On a mission to eat like a king on a plebeian budget? Give this casual Indian spot in Midtown East a shot. The lunch buffet, priced at under $15-$18 on weekends, is a neighborhood steal. Come early and come often to tuck into traditional favorites like saag aloo, daal makhni, bhuni gobi matter and rich, creamy butter chicken. The a-la-carte menu is vast, with dosas and tandoori fare alongside goat curry with dry red chilies, and cumin-scented jeera ghee rice. The modest interiors are tastefully decorated, and service is professional and friendly. Chola is one of six sister restaurants created by Shiva Natarajan Dhaba: Chote Nawab, Haldi, Malia Marke (East 6th St.) and Sahib. Shiva has moved on to write and sold these glorious corners of India to Michelin star chef Hemant Mathur.
Recommended for Indian because: There is no shortage of Indian lunch buffets in Manhattan, but Chola is distinct for variety, service and stellar cuisine.
Maria's expert tip: All of the carb-centric rotiyan on the menu are great, but Martha Stewart and Gwen Stefani confess to chowing down on the onion naan with gusto. Lunch boxes cost just $10.
Grandeur is the word that comes to mind at this fine dining outpost on the border of Chelsea and the Flatiron District. The heavy-handled door and building exteriors are covered in hand-chiseled limestone, invoking a New Delhi palace. The expansive dining room contains reflecting pools filled with lotus flowers, dimly lit banquettes surrounded by white tablecloths, and no shortage of oversized, pink-hued limestone statues. None of this would matter, though, if the menu weren't so solid. Try the Goan shrimp, packing heat in a spicy piri-piri sauce, grilled monkfish in yogurt sauce with serrano chilies, and handi favorites like chicken Malvan. Junoon means "passion" and we can feel it.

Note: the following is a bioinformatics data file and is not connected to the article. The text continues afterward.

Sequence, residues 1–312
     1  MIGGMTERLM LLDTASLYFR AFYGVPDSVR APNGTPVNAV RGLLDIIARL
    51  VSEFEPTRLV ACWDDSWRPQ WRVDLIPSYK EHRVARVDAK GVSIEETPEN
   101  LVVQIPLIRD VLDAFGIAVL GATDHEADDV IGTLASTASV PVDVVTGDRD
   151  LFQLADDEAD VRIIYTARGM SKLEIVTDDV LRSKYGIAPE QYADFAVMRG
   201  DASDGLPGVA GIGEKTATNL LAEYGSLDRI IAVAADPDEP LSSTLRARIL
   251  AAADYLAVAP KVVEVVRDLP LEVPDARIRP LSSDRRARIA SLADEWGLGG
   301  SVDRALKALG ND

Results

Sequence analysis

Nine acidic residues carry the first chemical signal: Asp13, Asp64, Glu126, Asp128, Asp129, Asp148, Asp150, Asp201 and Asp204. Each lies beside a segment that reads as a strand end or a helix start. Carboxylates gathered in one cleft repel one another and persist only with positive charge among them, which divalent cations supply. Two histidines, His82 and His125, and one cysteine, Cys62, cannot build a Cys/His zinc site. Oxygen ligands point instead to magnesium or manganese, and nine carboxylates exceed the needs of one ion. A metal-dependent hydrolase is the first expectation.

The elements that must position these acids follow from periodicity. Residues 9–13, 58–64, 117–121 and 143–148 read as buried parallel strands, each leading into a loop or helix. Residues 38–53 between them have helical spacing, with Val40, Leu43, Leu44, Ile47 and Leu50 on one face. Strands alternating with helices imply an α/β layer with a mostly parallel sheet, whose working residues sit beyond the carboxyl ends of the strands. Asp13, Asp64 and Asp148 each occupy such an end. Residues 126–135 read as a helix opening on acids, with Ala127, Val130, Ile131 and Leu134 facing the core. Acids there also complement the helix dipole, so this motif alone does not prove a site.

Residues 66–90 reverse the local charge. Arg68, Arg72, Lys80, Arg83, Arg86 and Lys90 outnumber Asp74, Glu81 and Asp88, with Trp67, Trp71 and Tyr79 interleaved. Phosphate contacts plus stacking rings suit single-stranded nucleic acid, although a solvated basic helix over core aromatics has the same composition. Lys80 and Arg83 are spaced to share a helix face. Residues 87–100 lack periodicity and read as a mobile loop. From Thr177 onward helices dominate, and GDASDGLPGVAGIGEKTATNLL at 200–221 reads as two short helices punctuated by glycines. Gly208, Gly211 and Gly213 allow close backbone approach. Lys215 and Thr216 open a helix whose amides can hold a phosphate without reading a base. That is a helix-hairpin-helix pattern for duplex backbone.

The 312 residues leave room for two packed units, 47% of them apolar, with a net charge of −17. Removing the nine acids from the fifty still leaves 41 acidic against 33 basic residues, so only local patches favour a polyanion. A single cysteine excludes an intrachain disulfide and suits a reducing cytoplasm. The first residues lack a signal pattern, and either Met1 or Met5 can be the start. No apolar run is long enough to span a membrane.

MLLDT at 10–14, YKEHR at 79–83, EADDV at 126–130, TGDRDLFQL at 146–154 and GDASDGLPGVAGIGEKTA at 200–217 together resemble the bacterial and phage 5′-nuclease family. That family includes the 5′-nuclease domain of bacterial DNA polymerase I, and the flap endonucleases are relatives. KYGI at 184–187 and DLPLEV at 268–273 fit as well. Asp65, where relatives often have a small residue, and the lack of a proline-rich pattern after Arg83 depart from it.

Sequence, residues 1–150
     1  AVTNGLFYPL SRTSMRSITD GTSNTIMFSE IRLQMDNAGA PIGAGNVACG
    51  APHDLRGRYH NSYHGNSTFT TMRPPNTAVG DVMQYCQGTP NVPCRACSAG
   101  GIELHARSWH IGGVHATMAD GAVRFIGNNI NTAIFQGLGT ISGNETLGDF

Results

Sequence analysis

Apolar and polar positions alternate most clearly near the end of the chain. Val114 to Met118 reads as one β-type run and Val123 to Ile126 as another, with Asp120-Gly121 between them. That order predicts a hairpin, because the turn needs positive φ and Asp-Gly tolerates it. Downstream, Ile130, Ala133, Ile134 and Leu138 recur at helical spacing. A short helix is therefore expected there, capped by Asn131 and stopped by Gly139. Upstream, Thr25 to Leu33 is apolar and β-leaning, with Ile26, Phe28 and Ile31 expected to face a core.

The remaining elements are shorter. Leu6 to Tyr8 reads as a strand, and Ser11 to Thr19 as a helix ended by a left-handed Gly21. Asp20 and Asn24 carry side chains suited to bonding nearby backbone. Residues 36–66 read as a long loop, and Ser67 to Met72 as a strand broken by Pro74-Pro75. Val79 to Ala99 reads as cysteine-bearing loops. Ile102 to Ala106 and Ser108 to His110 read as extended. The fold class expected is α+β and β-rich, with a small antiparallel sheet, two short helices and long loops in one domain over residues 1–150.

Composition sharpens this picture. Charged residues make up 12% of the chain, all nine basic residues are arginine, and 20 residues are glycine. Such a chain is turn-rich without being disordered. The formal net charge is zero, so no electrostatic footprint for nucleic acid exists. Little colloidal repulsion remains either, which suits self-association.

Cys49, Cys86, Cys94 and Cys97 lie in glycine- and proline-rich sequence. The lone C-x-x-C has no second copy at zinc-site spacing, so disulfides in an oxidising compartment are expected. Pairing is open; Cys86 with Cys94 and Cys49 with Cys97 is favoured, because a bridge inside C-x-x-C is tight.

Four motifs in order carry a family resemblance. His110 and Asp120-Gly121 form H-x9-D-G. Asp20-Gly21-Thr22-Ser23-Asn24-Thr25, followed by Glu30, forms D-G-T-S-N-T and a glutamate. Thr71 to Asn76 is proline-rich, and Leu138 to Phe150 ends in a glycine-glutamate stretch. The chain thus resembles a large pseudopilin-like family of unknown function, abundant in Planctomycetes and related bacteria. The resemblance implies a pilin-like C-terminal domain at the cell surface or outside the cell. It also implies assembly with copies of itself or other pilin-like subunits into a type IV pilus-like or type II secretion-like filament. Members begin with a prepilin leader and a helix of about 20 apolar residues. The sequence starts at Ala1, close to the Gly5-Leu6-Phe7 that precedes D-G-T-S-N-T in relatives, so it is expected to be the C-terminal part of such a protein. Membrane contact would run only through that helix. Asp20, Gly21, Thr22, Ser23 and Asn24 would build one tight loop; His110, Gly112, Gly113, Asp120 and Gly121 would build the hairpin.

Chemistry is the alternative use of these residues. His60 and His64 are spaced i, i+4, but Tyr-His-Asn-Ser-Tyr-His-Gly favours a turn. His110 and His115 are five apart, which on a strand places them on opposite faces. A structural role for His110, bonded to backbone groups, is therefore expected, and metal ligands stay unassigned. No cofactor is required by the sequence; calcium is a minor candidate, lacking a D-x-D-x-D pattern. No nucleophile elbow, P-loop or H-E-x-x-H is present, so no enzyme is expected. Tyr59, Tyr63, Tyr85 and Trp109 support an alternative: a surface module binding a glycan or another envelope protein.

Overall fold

Recommended for Indian because: Patrons have remarked "It is worth going broke here." Junoon's Jaipur-goes-to-West-Hollywood atmosphere totally delivers.
Maria's expert tip: Skip the fancy, overly complicated desserts and opt for the satisfying coconut rice pudding. At lunch a three course menu cost $30 vs. $70 for dinner.
Tamarind changed perceptions of modern Indian dining in New York. Crisp white linens, soft lighting, and service so attentive it could make the staff of the Four Seasons (discreetly) blush, the restaurant was a bold departure from the fast-food vibe and fluorescent bulbs of the (admittedly delicious) takeout joints in nearby Curry Hill. Now in TriBeCa, well-dressed groups of business associates, couples celebrating anniversaries and multi-generational family outings gaze at the glass-enclosed tandoor kitchen while enjoying dishes like fresh shrimp in a cumin-spiked coconut sauce, apricot-stuffed grilled lamb and crispy fritters with whole spinach, banana and cheese.
Recommended for Indian because: Tamarind serves top-tier Indian cuisine in impossibly elegant environs. Wear your Sunday best.
Maria's expert tip: Sip tea in the Lotus Room where award-winning chefs have created a menu featuring dishes prepared with India's national flower. Tamarind is an adult pleasure, best to leave the under 8s at home for the night.